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PART 3: STRATEGIC ACTIONS:
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STRATEGY IMPLEMENTATION CHAPTER 12 STRATEGIC LEADERSHIP THE STRATEGIC MANAGEMENT PROCESS KNOWLEDGE OBJECTIVES KNOWLEDGE OBJECTIVES SUCCESSION AT HP CAN THE NEW CEO SAVE THE COMPANYS SOUL ID: 672657 Download Presentation

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Slide1

PART 3: STRATEGIC ACTIONS:

STRATEGY IMPLEMENTATION

CHAPTER 12

STRATEGIC LEADERSHIPSlide2

THE STRATEGIC MANAGEMENT PROCESS

Slide3

KNOWLEDGE OBJECTIVESSlide4

KNOWLEDGE OBJECTIVESSlide5

SUCCESSION AT HP: CAN THE NEW CEO SAVE THE COMPANY’S SOUL?

HP’s culture of innovation suffered under Mark

Hurd

, the former CEO’s leadership.

Hurd

was efficiency oriented and had made the company money by tightly controlling costs.

Former SAP CEO Leo

Apotheker

was named as CEO successor and had the opportunity to “reboot” the company and its culture.

OPENING CASE Slide6

SUCCESSION AT HP: CAN THE NEW CEO SAVE THE COMPANY’S SOUL?

■ Having lost its culture of innovation, HP’s strategic redirection into software and cloud computing needed to be successful.

With a merciless market, the expectation of strong performance exists even though major strategic changes take time to produce fruitful results.

Apotheker’s

strategic leadership is being tested in the midst of layoff rumors and profit target reductions.

OPENING CASE Slide7

INTRODUCTION

E

ffective strategic leadership is the foundation for successfully using the strategic management process.

Strategic leaders guide the firm in ways that result in forming a vision and mission.

This guidance often finds leaders thinking of ways to create goals that stretch everyone in the organization to improve performance.

Moreover, strategic leaders facilitate the development of appropriate strategic actions and determine how to implement them.

Leaders can make a major difference in how a firm performs.

 Slide8

STRATEGIC LEADERSHIP AND STYLE Strategic leadership:

the ability to anticipate, envision, maintain flexibility, and empower others to create strategic change as necessary

Multifunctional task

Managing through others

Managing an entire enterprise rather than a functional subunit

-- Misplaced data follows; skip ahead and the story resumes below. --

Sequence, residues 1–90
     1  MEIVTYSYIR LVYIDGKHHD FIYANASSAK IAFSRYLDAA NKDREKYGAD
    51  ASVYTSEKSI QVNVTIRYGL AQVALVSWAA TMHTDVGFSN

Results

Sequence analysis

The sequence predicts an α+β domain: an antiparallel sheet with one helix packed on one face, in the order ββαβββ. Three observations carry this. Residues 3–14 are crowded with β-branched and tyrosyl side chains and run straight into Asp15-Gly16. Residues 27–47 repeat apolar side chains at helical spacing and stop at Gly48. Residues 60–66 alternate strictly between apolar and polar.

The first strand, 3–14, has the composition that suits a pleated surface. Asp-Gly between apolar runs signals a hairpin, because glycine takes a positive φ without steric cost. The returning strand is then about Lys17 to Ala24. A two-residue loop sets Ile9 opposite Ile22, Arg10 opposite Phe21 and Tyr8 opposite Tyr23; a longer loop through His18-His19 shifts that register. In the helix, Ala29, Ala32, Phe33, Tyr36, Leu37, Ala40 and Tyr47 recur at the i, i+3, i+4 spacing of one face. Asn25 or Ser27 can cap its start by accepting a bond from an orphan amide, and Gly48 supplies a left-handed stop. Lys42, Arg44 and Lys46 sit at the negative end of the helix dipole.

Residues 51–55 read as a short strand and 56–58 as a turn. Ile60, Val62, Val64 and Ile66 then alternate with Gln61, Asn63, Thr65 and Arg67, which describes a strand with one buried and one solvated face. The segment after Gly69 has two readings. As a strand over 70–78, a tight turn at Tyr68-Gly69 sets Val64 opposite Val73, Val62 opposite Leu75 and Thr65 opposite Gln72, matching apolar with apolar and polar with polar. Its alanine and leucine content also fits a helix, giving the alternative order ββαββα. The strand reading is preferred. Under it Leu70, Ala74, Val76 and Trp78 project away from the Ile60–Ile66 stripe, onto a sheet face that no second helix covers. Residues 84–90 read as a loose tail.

Coping with change that is increasing in the global economy

Most critical skill: attracting and managing human (includes intellectual) capital

NOTE: Many examples of well-known CEOs are mentioned throughout the chapter to illustrate their leadership styles.Slide9

STRATEGIC LEADERSHIP AND STYLE

FIGURE 12

.1

Strategic Leadership and the Strategic Management ProcessSlide10

STRATEGIC LEADERSHIP AND STYLE

EFFECTIVE STRATEGIC LEADERS

Build strong ties with external stakeholders to gain access to information and advice

Understand how their decisions impact their firm

Sustain above-average performance

Attract and manage human capital

Do not delegate decision-making responsibilities

Inspire and enable others to do excellent work and realize their potential

Promote and nurture innovation through transformational leadershipSlide11

THE ROLE OF TOP-LEVEL MANAGERS

Managers use their discretion when making strategic decisions

Primary factors that determine

the

amount of a manager’s decision-making discretion

External environmental sources

Organization’s characteristics

Manager’s characteristics Slide12

FACTORS AFFECTING MANAGERIAL DISCRETION

FIGURE 12

.2

Factors Affecting Managerial DiscretionSlide13

FACTORS AFFECTING MANAGERIAL DISCRETION

External

Environment

Industry structure

Rate of market growth

Number and type of competitors

Nature and degree of political/legal constraints

Degree to which products can be differentiatedSlide14

FACTORS AFFECTING MANAGERIAL DISCRETION

External

Environment

Characteristics of

the Organization

Size

Age

Culture

Availability of resources

Patterns of interaction among employeesSlide15

FACTORS AFFECTING MANAGERIAL DISCRETION

External

Environment

Characteristics of

the Organization

Characteristics of

the Manager

Tolerance for ambiguity

Commitment to the firm and its desired strategic outcomes

Interpersonal skills

Aspiration level

Degree of self-confidenceSlide16

FACTORS AFFECTING MANAGERIAL DISCRETION